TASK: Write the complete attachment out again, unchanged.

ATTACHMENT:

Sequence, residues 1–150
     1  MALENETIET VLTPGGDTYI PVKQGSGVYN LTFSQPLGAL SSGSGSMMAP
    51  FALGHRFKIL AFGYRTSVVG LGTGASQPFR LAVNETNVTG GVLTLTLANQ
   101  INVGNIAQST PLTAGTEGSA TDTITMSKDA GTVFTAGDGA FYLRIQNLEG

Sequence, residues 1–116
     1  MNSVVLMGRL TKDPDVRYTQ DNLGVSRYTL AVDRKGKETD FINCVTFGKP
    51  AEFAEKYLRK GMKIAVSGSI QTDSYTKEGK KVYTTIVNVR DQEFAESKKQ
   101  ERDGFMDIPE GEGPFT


Sequence, residues 1–150
     1  MALENETIET VLTPGGDTYI PVKQGSGVYN LTFSQPLGAL SSGSGSMMAP
    51  FALGHRFKIL AFGYRTSVVG LGTGASQPFR LAVNETNVTG GVLTLTLANQ
   101  INVGNIAQST PLTAGTEGSA TDTITMSKDA GTVFTAGDGA FYLRIQNLEG

Sequence, residues 1–116
     1  MNSVVLMGRL TKDPDVRYTQ DNLGVSRYTL AVDRKGKETD FINCVTFGKP
    51  AEFAEKYLRK GMKIAVSGSI QTDSYTKEGK KVYTTIVNVR DQEFAESKKQ
   101  ERDGFMDIPE GEGPFT